Baby boomers fearful, indecisive about retirement

May 26, 2011

| Money Rates Columnist

A new study has found that the oldest baby boomers, who are starting to turn 65, are frozen with fear about retirement.

The study from Financial Engines, a California investments advisor that manages 401(k) savings accounts for nearly 500,000 U.S. workers, also found that these so-called 'early boomers' don't trust financial advisers - even as they admit they need financial advice.

Retirement anxiety

The early boomers' big fear, according to Financial Engines, is that they could wind up in poverty if their retirement savings accounts run out. More than half of the 300 boomers interviewed for the study between 2008 and 2011 said they were afraid of their retirement checking account running dry.

According to The Baltimore Sun, these anxieties are a result of early boomers who have to transition from workers counting on a pension to workers relying on their own investments, such as money market accounts, 401(k) plans and similar savings accounts. What's more, it's a group that lost a lot of money during the recession and has watched as the financial industry has been wracked by fraud and mismanagement.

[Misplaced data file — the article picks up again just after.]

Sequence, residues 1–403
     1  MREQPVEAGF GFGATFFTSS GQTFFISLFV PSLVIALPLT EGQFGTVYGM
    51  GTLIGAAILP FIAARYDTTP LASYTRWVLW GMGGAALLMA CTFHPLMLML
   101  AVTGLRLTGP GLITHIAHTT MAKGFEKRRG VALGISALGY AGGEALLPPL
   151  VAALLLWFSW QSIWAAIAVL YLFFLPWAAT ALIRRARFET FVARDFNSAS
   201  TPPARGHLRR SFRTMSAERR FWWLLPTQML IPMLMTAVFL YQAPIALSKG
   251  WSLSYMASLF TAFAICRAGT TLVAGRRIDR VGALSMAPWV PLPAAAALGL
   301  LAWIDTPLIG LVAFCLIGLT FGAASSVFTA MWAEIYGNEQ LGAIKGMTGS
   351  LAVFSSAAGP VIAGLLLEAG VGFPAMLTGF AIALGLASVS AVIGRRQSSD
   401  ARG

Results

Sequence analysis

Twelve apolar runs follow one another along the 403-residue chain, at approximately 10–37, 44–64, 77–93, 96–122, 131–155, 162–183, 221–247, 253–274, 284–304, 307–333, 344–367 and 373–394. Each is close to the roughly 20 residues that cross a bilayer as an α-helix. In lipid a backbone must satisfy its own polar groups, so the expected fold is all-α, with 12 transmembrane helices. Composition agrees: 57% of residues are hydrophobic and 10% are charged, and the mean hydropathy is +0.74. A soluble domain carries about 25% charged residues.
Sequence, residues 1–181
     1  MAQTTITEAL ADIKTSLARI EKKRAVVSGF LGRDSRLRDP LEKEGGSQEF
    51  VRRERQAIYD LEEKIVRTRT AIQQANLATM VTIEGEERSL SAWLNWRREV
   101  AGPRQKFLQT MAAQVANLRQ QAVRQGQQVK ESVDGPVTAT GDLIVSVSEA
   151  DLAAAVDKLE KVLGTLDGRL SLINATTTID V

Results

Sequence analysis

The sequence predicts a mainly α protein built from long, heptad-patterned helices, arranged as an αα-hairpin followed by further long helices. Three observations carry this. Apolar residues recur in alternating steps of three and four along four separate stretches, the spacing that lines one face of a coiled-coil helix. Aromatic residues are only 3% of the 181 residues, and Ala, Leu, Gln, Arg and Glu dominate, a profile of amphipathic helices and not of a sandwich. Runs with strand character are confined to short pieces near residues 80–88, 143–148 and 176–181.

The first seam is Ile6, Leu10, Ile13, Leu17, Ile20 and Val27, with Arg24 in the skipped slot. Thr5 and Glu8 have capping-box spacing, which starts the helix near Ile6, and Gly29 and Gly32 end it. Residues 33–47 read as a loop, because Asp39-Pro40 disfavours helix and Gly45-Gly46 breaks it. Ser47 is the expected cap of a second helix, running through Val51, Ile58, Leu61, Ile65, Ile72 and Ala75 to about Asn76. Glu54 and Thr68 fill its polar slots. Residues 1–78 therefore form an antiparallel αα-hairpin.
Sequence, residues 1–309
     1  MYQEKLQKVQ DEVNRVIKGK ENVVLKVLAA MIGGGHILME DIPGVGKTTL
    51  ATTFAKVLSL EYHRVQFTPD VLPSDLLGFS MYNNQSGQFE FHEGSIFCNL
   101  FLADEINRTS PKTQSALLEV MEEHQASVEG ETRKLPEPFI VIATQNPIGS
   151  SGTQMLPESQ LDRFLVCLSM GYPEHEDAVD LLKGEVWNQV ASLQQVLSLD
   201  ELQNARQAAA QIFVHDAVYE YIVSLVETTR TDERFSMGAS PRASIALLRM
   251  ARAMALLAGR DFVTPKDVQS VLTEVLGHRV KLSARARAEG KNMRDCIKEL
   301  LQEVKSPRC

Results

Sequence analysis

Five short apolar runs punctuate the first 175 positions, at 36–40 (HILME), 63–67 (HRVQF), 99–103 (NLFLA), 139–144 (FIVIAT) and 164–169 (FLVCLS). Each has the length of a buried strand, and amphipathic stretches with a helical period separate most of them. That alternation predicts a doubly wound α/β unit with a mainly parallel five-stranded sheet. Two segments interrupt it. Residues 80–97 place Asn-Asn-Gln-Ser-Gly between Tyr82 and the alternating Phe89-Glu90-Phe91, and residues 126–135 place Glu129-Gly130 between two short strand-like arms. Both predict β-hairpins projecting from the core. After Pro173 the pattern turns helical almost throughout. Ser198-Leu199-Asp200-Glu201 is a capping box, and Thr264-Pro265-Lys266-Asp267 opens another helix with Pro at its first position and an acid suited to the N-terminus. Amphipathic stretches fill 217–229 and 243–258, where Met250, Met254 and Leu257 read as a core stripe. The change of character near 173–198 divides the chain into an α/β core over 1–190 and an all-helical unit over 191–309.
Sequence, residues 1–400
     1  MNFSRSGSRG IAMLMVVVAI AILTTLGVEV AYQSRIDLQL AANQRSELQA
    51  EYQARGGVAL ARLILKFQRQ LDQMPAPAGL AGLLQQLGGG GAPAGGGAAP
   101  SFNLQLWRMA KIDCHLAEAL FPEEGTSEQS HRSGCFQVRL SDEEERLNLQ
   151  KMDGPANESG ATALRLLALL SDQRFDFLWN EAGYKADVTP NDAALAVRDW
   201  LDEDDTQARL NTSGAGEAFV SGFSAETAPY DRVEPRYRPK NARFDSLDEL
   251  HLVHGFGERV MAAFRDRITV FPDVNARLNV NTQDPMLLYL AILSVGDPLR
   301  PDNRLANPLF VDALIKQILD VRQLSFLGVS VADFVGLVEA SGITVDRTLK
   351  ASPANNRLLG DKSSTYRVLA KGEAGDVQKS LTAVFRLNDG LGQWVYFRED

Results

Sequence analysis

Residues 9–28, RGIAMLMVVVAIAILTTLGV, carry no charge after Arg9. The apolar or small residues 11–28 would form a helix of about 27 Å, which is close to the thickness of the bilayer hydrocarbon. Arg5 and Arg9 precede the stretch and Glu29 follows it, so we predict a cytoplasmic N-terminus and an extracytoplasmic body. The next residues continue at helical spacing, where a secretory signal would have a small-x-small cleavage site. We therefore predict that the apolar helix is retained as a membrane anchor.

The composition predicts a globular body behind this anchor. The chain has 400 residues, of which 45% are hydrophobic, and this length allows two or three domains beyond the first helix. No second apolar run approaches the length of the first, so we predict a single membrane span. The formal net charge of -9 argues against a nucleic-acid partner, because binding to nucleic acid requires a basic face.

The report comes on the heels of a Bankers Life and Casualty Company Center for a Secure Retirement study that found that baby boomers making between $25,000 and $75,000 annually say they will be delaying retirement for at least five years because they can't afford to stop working.

That study found that two-thirds expected to have more saved than they have and less than one in four feels they are on target with their retirement savings needs. Three out of four expect to work in their retirement.

Who's judging your retirement funds?

Part of the problem is that retirees who haven't saved enough don't attract much attention from financial services companies while those who have large retirement savings accounts get plenty of offers in the mail. Participants in the Financial Engines study said financial advisers, after reviewing their meager assets, made them feel worse about their situation.

In May, The Wall Street Journal quoted study co-author David Ramirez saying that the financial services industry needs to be sensitive to the fact that "people don't need to be judged."

The Journal recommended retirees with questions about such key matters as when to take their pension or when to file for Social Security benefits should check to see if the company they work for has a retirement-income product to help them manage their money in retirement. It also recommended hiring such companies as Smart401k.com, which charges an annual flat fee for retirement-investing advice.

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